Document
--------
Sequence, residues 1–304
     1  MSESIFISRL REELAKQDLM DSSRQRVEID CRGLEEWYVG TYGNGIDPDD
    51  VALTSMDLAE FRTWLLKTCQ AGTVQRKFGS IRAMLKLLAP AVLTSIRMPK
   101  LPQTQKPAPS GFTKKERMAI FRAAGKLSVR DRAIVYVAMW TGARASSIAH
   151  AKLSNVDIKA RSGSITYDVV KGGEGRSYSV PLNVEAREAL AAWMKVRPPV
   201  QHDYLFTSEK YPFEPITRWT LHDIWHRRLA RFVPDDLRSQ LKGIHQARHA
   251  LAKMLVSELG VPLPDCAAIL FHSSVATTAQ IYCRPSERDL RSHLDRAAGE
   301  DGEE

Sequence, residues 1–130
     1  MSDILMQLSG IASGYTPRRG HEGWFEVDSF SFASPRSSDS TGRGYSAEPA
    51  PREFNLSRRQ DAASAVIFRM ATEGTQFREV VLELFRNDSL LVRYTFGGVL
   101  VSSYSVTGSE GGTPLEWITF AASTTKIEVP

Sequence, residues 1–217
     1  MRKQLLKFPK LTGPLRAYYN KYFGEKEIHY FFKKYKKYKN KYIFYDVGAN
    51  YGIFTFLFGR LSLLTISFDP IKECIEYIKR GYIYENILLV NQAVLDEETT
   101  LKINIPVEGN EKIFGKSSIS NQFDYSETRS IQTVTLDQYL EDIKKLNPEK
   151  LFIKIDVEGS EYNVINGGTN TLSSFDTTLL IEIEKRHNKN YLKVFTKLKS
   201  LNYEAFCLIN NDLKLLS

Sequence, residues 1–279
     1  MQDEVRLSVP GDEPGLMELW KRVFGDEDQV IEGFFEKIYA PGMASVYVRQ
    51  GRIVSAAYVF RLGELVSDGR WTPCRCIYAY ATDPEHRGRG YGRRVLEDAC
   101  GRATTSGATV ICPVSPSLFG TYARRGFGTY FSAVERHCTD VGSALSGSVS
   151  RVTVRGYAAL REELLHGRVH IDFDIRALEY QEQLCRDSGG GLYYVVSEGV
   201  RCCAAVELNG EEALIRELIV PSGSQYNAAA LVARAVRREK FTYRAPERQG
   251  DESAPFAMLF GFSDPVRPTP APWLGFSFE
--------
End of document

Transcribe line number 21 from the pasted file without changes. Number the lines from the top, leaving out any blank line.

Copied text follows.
    51  GRIVSAAYVF RLGELVSDGR WTPCRCIYAY ATDPEHRGRG YGRRVLEDAC